8 Oval Gold Buddha Versailles   9 Murakami Versalles

 Photo (right): Tongari-kun, available at http://malaysiafinance.blogspot.com.es/

In 1996, he founded the Hiropon factory in Tokyo, which in 2001 became Kaikai Kiki Co. Ltd, an international corporation employing over 100 employees and dedicated to the production, management and commercialization of the art created by this multifaceted artist and also to support and promote up and coming new artists: twice a year, he organizes GEISAI in Tokyo, an art fair that allows young artists to exhibit their works, many of whom have ended up working for him. His company develops diverse projects with real market strategies that cross the boundaries of artistic circles to reach the general public, using mass production, merchandising, manufacturing and made-to-order corporate designs, some of them for prestigious brands such as Louis Vuitton and Issey Miyake.

 

 

 10 Margaritas tazas   11 Craneos Reloj

Some of Murakami’s characters have been evolving since the beginning of his career. His alter ego Mr. DOB, for instance, was born in the 1990s as a cute DNA helix (ZaZaZaZaZaZa, 1994) but he has gradually morphed first into a disturbing creature (Tin Tin Castle, 1998) and then a huge monster symbolizing society’s cravings for consumerism (Tan Tan Bo vomiting, 2002). He is one of Murakami’s recurring characters, a kind of logo or trademark, who is reproduced on T-shirts, posters, keychains, etc and has even been brought to life through 3D sculptures all over the world.

 

 12 double vision   13 Tin tin castle

 

 14 Mr DOB Tan Tan Bo Puking   15 Tan Tan Bo

 

In 2000, Murakami organized a Japanese art exhibition entitled Superflat, linking contemporary Japanese pop culture with Japanese historical art, which gave way to a movement towards mass-produced amusements. This gave rise to the postmodern cultural current of the same name, which refers to its flat style and the absence of depth or persepective in his compositions. This aesthetic, in which everything is depicted in two dimensions, offers an external interpretation of postwar Japanese popular culture through its “otaku” subculture, a term that designates what in the West we would call “geek” or “nerd” and which refers to people obsessive about their hobbies. Hence his invention of the term "POKU", a portmanteau of “pop” and “otaku”: "Everyone works to make a living. Me too. And I hoped that some people would be interested in my art if I offered an expression of it like Poku culture because it's fun."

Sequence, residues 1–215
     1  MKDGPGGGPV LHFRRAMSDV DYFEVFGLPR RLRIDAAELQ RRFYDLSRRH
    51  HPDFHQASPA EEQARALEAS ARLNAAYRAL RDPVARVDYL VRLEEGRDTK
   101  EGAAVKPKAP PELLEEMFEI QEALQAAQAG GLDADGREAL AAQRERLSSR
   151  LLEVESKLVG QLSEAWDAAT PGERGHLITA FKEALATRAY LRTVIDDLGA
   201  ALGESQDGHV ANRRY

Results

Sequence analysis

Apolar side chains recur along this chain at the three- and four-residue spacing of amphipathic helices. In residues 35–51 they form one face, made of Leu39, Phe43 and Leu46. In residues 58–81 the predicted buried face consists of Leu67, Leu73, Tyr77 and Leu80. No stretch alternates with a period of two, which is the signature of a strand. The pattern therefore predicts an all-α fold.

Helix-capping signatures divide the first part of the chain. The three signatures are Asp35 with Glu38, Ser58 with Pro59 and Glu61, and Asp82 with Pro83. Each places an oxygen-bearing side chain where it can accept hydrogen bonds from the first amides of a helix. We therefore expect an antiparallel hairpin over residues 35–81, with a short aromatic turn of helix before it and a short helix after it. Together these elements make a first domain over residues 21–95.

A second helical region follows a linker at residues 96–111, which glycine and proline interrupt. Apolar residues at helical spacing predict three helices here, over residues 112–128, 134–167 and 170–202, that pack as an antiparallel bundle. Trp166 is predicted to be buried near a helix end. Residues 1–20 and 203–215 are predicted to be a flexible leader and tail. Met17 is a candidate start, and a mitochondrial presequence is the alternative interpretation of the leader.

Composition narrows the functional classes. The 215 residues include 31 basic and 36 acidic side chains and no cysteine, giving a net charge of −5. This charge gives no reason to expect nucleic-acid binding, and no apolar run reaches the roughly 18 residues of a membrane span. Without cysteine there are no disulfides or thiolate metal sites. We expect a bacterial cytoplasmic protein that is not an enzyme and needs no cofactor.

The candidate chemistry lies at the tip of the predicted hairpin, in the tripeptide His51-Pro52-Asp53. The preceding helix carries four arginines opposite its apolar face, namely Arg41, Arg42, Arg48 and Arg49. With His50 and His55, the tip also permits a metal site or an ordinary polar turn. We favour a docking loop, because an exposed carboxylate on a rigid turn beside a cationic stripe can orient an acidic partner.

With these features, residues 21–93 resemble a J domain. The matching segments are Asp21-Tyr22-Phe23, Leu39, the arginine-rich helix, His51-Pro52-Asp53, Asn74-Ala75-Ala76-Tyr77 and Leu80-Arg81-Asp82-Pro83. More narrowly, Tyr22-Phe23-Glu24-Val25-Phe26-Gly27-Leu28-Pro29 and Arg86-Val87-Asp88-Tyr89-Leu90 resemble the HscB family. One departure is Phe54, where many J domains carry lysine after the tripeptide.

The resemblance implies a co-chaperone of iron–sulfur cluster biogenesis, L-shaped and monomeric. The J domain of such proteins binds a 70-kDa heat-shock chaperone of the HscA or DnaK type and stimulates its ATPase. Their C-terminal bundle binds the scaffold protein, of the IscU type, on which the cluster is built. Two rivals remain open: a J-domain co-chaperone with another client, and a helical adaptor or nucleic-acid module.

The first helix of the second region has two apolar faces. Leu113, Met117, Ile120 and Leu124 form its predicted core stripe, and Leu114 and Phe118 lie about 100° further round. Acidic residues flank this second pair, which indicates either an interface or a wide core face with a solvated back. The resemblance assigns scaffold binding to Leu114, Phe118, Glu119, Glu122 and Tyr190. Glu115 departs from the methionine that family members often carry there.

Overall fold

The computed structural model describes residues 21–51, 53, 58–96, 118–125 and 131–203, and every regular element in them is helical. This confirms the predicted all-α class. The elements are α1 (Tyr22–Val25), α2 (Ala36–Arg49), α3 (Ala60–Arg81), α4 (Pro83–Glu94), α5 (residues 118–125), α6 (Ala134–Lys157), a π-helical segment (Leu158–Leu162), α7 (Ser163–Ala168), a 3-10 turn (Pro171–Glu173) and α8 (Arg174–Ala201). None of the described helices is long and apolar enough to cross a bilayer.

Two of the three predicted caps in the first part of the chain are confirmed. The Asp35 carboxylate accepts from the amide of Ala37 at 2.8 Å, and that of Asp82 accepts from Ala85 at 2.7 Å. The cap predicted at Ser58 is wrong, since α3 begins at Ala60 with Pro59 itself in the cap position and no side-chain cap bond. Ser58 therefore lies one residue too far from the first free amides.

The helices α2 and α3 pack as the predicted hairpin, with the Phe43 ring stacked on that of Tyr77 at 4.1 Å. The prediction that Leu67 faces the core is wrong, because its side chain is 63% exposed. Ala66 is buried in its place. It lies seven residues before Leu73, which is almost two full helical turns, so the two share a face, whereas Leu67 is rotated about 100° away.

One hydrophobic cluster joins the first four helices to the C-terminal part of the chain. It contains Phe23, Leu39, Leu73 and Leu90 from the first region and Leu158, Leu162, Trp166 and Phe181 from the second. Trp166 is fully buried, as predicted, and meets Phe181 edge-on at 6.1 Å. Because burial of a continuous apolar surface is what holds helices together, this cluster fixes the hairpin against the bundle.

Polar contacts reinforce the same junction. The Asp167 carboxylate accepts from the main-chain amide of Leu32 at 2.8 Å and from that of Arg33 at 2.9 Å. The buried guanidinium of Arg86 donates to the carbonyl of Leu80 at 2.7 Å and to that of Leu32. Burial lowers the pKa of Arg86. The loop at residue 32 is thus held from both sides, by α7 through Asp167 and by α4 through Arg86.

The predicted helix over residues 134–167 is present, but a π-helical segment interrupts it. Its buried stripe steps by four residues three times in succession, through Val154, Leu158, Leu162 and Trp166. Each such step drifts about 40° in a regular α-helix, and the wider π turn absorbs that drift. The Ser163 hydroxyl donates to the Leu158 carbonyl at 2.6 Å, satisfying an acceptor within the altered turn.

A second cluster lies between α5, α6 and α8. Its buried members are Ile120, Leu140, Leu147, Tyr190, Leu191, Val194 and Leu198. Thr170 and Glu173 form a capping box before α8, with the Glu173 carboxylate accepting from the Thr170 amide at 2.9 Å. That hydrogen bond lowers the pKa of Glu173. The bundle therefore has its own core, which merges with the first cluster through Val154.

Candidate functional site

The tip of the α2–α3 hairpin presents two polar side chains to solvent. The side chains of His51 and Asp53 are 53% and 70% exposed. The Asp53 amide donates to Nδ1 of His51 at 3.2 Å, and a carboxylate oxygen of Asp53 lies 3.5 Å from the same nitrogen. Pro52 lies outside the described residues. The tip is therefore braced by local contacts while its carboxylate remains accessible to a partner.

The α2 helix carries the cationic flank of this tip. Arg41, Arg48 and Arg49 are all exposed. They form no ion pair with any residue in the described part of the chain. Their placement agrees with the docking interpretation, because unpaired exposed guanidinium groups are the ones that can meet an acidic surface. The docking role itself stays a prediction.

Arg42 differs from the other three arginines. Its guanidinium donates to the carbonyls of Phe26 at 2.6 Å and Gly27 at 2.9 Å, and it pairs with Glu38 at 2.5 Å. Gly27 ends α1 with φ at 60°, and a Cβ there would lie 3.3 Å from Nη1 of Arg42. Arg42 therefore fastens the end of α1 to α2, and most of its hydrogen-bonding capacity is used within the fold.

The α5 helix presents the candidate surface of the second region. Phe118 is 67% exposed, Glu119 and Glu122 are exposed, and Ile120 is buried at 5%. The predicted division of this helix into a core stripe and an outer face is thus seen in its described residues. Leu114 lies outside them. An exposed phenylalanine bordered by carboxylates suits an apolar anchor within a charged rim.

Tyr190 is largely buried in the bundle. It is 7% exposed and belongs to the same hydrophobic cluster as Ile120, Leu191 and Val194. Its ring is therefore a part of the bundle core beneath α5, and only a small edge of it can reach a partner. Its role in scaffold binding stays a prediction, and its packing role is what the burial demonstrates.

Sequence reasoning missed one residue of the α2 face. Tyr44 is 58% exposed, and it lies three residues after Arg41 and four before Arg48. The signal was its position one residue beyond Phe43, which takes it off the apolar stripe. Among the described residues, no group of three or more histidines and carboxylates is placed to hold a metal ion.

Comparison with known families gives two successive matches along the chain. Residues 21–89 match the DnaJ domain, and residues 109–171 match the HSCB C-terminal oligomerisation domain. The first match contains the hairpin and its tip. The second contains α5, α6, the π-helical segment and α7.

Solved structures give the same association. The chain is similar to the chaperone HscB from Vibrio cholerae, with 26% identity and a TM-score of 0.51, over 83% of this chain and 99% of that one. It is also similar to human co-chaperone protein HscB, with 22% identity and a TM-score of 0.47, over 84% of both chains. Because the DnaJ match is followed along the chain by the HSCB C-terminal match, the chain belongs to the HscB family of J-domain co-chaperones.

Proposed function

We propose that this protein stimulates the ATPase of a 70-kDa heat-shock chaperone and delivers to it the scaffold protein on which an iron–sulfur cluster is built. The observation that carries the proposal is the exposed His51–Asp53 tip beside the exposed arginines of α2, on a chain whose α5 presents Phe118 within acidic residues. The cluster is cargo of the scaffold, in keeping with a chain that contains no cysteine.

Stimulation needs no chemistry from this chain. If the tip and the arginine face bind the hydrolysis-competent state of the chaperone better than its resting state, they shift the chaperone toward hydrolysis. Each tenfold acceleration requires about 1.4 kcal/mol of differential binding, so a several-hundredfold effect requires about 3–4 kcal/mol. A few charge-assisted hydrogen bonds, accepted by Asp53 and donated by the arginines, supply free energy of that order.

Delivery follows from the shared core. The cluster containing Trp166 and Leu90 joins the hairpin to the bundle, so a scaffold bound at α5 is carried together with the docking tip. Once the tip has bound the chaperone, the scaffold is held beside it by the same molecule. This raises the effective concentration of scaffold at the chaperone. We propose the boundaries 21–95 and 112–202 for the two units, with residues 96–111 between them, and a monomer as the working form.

16 T M Christies subasta1   17 T M perro

 

Examples of his work from this period here are Miss Ko2 (1997), a stylized anime-like waitress who wants to be a singer; Hiropon (1997), a young woman with unfeasibly large breasts; My Lonely Cowboy (1998), a naked teenage boy; PO + KU Surrealism Mr. DOB (1998), a large-scale triptych in which his typical superflat monochrome background is broken up by animated images of bulging eyes and razor-sharp teeth; or one of his larger sculptures, DOB in the Strange Forest (1999).

18 PO KU Surrealism

 19 Hiropon2   20 Vaquero solitario2

 

From 2000 on, Murakami has been creating other self-portraits in addition to Mr. DOB: between 2003 and 2005 Mr. Pointy and the Four Guards, based on the four Buddhist Protector deities; in 2004, Inochi, a teenager reminiscent of Spielberg's legendary E.T.

 

21 Reversed double helix

 

 22 Inochi   23 Inochi

 

The cute Kaikai and Kiki, whose names derive from the term “kikikaikai” which means "strange but captivating" are the author's spiritual guardians.

 

 24 Kaikai Kiki Marga   25 Kaikai Versailles

 

Taking a look at his iconography, we see that one of the most recurrent is fungi, perhaps atomic mushrooms? For those who think so, it might represent the trauma caused by the atomic bombs dropped on Japan in WWII. For others, however, they symbolize male genitalia or a reference to drug-induced hallucinations.

 

 26 Seta   27 Setas

 

Other motifs are his multicolored daisies with smiling faces and skulls which relate to the aesthetics of “kawaii” which means "cuteness" and which in Japan is used in situations that to Western eyes might seem incongruous. Is it also a critique of Japan's overly consumerist culture with a penchant for the childlike.

 

 28 Craneo   29 Margaritas versailles

 

What is obvious is that his career has been unstoppable and that he has presented some very impactful exhibitions such as Coloriage (Cartier Foundation for Contemporary Art, Paris, 2002) and Little Boy: The Art of Japan's Exploding Subcultures (Japan Society, New York, 2005).